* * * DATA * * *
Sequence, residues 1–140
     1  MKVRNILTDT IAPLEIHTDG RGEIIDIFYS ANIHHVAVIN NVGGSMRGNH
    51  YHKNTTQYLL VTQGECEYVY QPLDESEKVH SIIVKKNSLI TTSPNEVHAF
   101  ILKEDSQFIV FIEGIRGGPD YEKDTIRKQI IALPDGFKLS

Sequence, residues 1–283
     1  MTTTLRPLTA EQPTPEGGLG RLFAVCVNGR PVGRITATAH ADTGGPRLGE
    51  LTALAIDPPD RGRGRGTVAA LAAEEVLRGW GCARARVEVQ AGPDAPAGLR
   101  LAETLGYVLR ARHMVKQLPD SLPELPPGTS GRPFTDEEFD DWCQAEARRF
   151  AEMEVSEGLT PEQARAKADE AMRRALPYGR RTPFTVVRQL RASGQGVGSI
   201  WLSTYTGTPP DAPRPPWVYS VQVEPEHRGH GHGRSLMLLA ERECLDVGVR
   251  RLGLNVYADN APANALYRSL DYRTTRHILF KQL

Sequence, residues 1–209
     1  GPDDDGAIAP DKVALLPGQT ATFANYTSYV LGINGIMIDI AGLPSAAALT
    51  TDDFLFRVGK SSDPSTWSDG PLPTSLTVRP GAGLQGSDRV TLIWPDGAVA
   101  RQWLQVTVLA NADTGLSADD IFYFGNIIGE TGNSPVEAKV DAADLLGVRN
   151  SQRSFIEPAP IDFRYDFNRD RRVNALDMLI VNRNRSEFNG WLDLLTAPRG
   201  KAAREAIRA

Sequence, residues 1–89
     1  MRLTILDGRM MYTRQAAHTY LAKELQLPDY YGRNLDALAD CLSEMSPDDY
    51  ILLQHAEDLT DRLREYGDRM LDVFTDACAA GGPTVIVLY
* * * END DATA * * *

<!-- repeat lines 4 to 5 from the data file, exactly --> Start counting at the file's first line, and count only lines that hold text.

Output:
   101  ILKEDSQFIV FIEGIRGGPD YEKDTIRKQI IALPDGFKLS

Sequence, residues 1–283